While watching movies or television, especially during the past decade, you’ve likely seen a 12-step program depicted onscreen. Alcoholics Anonymous (AA) popularized this widespread support group for addiction, and it has seen massive success in helping people from all walks of life stay sober. However, there is a lot of confusion about the 12 steps and how they help with addiction. Learning more about 12-step programs for alcohol is a good idea, especially if you or someone you care about needs one.

If a loved one has been struggling with alcohol use, a 12-step treatment program could help them break free from the disease of addiction. At Fort Behavioral Health, our addiction specialists give clients the tools to stay sober even after treatment. We offer an on-site 12-step program so that our clients can receive the nonjudgmental support of their peers. Together with our counseling and therapy programs and effective detox and aftercare, 12-step treatment can be a significant part of a thorough recovery program. Contact us at 844.332.1807 if you need addiction treatment in Fort Worth.

What Is a 12-Step Program for Alcohol?

The 12-step program is a set of guiding principles outlining a course of action for recovery from addiction. The 12-step program began with Alcoholics Anonymous. It is adaptable, and recovery centers may use it differently, depending on the type of treatment.

What Are the 12 Steps?

The 12 steps are a series of guiding principles designed to help people in recovery overcome their addiction and address any underlying issues that may have contributed to it. The steps are a journey, and each step requires individuals to take specific actions to progress in their recovery. Here are the steps as defined by Alcoholics Anonymous:

  1. We admitted we were powerless over alcohol, that our lives had become unmanageable.
  2. We believed that a Power greater than ourselves could restore us to sanity.
  3. We decided to turn our will and lives to God’s care as we understood Him.
  4. We made a searching and fearless moral inventory of ourselves.
  5. We admitted to God, ourselves, and another human being the exact nature of our wrongs.
  6. We were entirely ready to have God remove all these defects of character.
  7. We humbly asked Him to remove our shortcomings.
  8. We made a list of persons we had harmed and became willing to make amends to them all.
  9. We made direct amends to such people wherever possible, except when doing so would injure them or others.
  10. We continued to take personal inventory and, when we were wrong, promptly admitted it.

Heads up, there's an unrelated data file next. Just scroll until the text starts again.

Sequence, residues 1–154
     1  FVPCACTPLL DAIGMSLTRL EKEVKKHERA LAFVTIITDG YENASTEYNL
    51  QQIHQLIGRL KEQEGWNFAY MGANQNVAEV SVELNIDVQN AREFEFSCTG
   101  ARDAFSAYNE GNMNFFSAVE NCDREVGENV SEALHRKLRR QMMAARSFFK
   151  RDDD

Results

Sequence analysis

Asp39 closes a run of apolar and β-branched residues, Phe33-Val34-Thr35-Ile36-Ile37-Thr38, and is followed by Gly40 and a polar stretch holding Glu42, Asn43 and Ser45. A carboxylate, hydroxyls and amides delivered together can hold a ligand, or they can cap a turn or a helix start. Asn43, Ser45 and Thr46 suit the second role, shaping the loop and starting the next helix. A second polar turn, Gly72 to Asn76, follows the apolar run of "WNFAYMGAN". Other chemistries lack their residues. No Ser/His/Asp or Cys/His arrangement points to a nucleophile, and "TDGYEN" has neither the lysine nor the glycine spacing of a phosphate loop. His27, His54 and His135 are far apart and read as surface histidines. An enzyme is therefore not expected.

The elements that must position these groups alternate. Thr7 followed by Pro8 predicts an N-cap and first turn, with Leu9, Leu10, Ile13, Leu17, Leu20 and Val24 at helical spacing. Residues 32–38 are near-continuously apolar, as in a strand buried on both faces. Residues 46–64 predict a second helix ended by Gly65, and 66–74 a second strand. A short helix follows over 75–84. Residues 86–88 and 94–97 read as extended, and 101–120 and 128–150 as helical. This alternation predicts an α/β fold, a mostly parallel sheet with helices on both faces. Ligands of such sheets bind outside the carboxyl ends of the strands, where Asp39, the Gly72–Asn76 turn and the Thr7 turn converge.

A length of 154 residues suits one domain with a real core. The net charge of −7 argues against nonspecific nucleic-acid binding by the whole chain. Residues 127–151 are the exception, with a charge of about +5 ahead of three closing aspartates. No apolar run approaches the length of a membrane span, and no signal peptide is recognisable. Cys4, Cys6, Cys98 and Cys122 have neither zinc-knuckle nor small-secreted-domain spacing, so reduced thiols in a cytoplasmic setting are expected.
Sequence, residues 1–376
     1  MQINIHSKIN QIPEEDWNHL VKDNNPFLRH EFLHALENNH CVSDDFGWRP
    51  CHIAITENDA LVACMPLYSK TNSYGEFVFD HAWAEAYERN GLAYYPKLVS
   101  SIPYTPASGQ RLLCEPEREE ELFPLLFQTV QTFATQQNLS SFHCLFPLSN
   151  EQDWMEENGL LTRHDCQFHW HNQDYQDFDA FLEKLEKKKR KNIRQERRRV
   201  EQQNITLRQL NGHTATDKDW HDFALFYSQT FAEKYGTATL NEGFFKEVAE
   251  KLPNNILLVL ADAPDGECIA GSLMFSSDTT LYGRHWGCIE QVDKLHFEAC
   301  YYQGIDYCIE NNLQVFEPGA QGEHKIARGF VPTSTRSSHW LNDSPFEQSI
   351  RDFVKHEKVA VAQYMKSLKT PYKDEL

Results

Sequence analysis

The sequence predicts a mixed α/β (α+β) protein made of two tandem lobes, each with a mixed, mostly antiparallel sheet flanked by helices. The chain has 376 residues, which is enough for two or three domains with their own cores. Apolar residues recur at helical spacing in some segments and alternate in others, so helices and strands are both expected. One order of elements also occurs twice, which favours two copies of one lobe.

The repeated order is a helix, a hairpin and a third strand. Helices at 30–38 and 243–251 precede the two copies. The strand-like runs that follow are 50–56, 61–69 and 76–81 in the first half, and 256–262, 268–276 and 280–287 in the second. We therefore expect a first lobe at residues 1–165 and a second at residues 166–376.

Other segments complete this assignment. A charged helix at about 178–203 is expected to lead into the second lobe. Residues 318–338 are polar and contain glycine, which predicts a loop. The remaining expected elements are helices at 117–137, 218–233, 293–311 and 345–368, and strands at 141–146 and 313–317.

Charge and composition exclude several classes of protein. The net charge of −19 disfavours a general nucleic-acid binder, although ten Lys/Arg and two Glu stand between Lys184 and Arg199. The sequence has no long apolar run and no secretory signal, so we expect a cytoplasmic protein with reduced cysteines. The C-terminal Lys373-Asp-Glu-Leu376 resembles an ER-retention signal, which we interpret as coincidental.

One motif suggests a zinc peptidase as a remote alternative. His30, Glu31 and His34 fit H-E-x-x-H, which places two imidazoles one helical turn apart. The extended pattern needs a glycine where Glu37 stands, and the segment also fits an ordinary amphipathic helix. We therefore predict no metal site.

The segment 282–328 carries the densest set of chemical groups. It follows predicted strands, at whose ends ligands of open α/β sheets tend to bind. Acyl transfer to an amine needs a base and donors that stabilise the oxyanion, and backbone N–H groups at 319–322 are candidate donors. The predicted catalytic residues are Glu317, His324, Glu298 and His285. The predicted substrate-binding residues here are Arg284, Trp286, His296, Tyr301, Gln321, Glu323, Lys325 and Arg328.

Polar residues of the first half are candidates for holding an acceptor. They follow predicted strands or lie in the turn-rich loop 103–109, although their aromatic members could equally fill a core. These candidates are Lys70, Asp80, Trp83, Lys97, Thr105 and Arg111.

11. We sought through prayer and meditation to improve our conscious contact with God as we understood Him, praying only for knowledge of His will for us and the power to carry that out.
  12. Having had a spiritual awakening due to these steps, we carried this message to alcoholics.

While the language of the 12 steps is religious, many groups define the higher power or God as any concept that fits each individual’s ideas regarding spirituality. One does not need to subscribe to any particular religion to participate in a 12-step program.

How to Tell If You Need a 12-Step Program

When trying to determine whether or not you need to begin a 12-step program for alcohol, there are several questions you can ask yourself:

  • Have you ever felt like you need to cut down on your drinking?
  • Are you drinking more than usual?
  • Has drinking caused negative consequences in relationships or other areas of life, such as work or school?
  • Are there any health issues that have been caused by drinking?
  • Have loved ones expressed concern for your well-being?
  • Are you experiencing cravings for alcohol?
  • Have you ever put yourself at risk while drinking, such as by driving while intoxicated?

Answering yes to more than one of these questions can indicate the need for support from a 12-step program.

Join a 12-Step Program in Texas at Fort Behavioral Health

If you have any questions about our 12-step program or any other treatment we offer, we encourage you to contact our admissions team. We believe that no one is beyond help, and every client who walks through our doors has a chance to break free from addiction. To start the journey towards recovery, call us at 844.332.1807 or fill out our online form.


Get Help Today!

You don’t have to face the journey of recovery by yourself. There are people out there ready to help with what you’re going through. Reach out to someone for support today.

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